University of Rochester

Currents--University of Rochester newspaper

Warner camp engages kids in science

A day at the beach took on a whole new meaning for middle school students participating in the Warner School's Get Real! Environmental Action Camp. The weeklong experience kicked off August 1 at Ontario Beach, where students collected water samples for later lab analysis. By week's end, the dozen scientific sleuths had used the results to create multimedia public service announcements to share with the community and parents on the camp's last day.

The program offers students from both the city and suburban school districts the opportunity to use scientific methods to examine real-world issues, specifically the high bacteria counts that plague Ontario Beach during the summer, often resulting in beach closures for swimmers. The teens analyzed the samples they collected at the beach in a biology lab in Hutchison Hall with the assistance of professors and graduate students. With results in hand, the group was off to the Educational Technology Center in Rush Rhees Library where they used digital equipment to produce public service announcements designed to explain findings as well as raise awareness of environmental issues affecting Ontario Beach water quality.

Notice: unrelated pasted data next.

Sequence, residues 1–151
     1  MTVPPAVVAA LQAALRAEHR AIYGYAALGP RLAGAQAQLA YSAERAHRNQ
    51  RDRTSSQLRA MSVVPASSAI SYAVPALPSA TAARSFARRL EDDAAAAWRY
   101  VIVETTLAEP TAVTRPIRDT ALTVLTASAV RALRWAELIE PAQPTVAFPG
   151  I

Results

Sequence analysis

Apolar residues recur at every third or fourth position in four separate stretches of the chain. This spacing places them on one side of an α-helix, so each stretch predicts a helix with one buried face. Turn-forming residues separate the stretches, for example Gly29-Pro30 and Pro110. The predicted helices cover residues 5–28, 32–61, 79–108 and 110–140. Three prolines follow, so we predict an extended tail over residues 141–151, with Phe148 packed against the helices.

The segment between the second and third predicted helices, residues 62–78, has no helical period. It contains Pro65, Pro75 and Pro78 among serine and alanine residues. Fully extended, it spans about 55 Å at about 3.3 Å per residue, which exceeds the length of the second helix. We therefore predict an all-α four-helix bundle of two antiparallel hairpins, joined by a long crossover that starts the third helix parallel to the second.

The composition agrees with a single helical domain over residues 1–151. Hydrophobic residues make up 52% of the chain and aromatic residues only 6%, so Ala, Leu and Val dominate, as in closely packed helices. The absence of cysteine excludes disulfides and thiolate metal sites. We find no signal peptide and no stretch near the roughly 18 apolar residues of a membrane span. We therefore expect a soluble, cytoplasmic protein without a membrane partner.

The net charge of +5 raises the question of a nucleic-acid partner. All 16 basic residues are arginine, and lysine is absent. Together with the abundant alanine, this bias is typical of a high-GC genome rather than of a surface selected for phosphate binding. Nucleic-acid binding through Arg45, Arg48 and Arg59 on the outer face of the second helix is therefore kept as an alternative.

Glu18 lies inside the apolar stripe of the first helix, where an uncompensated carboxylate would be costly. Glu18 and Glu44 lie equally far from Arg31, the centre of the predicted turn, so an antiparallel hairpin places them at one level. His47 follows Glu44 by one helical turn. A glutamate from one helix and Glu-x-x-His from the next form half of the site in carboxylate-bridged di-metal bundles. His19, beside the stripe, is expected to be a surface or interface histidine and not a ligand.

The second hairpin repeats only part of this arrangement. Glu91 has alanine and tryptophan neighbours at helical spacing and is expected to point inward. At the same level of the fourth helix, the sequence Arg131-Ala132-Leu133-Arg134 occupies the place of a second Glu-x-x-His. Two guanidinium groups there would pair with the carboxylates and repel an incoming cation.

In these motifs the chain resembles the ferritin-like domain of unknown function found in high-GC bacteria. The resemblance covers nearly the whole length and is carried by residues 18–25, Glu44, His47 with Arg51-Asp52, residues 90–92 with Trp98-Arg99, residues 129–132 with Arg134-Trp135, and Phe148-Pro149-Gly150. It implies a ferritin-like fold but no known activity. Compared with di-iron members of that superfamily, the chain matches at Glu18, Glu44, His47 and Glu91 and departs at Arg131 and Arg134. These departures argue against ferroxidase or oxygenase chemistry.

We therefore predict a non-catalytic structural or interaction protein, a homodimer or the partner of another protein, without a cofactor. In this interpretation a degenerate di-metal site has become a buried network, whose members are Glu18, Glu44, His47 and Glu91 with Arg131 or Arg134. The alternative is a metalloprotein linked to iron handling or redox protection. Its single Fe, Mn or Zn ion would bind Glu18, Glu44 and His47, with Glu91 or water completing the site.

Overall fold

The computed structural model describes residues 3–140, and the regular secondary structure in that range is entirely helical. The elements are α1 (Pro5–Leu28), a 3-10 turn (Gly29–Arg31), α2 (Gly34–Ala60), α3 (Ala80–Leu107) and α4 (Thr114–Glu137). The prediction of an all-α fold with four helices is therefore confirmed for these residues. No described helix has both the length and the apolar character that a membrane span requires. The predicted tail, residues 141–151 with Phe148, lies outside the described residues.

"This is an exercise, in part, to teach them how to be better consumers of media and to take the media into their own hands," says Assistant Professor Meg Callahan, who, along with Assistant Professor April Luehmann, designed the camp's activities.

Luehmann, who launched the program in summer 2003 to enrich her graduate students' experiences and introduce new teaching techniques, worked with Callahan to add the media literacy component to the class, both to enhance the English education candidates' experiences in the teacher education program and to demonstrate how subjects like science and English can be integrated into school curriculums.

The camp is one component of a 15-month science teacher preparation graduate program that focuses on inquiry-based techniques. To learn more about the Get Real! Science initiative, visit

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